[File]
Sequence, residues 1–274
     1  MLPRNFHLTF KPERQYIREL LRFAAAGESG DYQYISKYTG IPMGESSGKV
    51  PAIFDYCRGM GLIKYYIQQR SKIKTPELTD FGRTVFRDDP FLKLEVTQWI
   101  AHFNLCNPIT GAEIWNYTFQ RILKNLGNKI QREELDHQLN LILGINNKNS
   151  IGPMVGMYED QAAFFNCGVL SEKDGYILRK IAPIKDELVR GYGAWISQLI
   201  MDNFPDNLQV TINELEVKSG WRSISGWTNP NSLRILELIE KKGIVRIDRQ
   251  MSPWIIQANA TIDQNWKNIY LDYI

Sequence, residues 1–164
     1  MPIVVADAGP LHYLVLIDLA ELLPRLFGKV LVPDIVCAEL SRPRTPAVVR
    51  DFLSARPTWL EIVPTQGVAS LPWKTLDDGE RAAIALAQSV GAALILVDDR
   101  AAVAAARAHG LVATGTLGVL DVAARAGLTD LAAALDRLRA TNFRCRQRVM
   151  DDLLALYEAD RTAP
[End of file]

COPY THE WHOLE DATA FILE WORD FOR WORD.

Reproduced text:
Sequence, residues 1–274
     1  MLPRNFHLTF KPERQYIREL LRFAAAGESG DYQYISKYTG IPMGESSGKV
    51  PAIFDYCRGM GLIKYYIQQR SKIKTPELTD FGRTVFRDDP FLKLEVTQWI
   101  AHFNLCNPIT GAEIWNYTFQ RILKNLGNKI QREELDHQLN LILGINNKNS
   151  IGPMVGMYED QAAFFNCGVL SEKDGYILRK IAPIKDELVR GYGAWISQLI
   201  MDNFPDNLQV TINELEVKSG WRSISGWTNP NSLRILELIE KKGIVRIDRQ
   251  MSPWIIQANA TIDQNWKNIY LDYI

Sequence, residues 1–164
     1  MPIVVADAGP LHYLVLIDLA ELLPRLFGKV LVPDIVCAEL SRPRTPAVVR
    51  DFLSARPTWL EIVPTQGVAS LPWKTLDDGE RAAIALAQSV GAALILVDDR
   101  AAVAAARAHG LVATGTLGVL DVAARAGLTD LAAALDRLRA TNFRCRQRVM
   151  DDLLALYEAD RTAP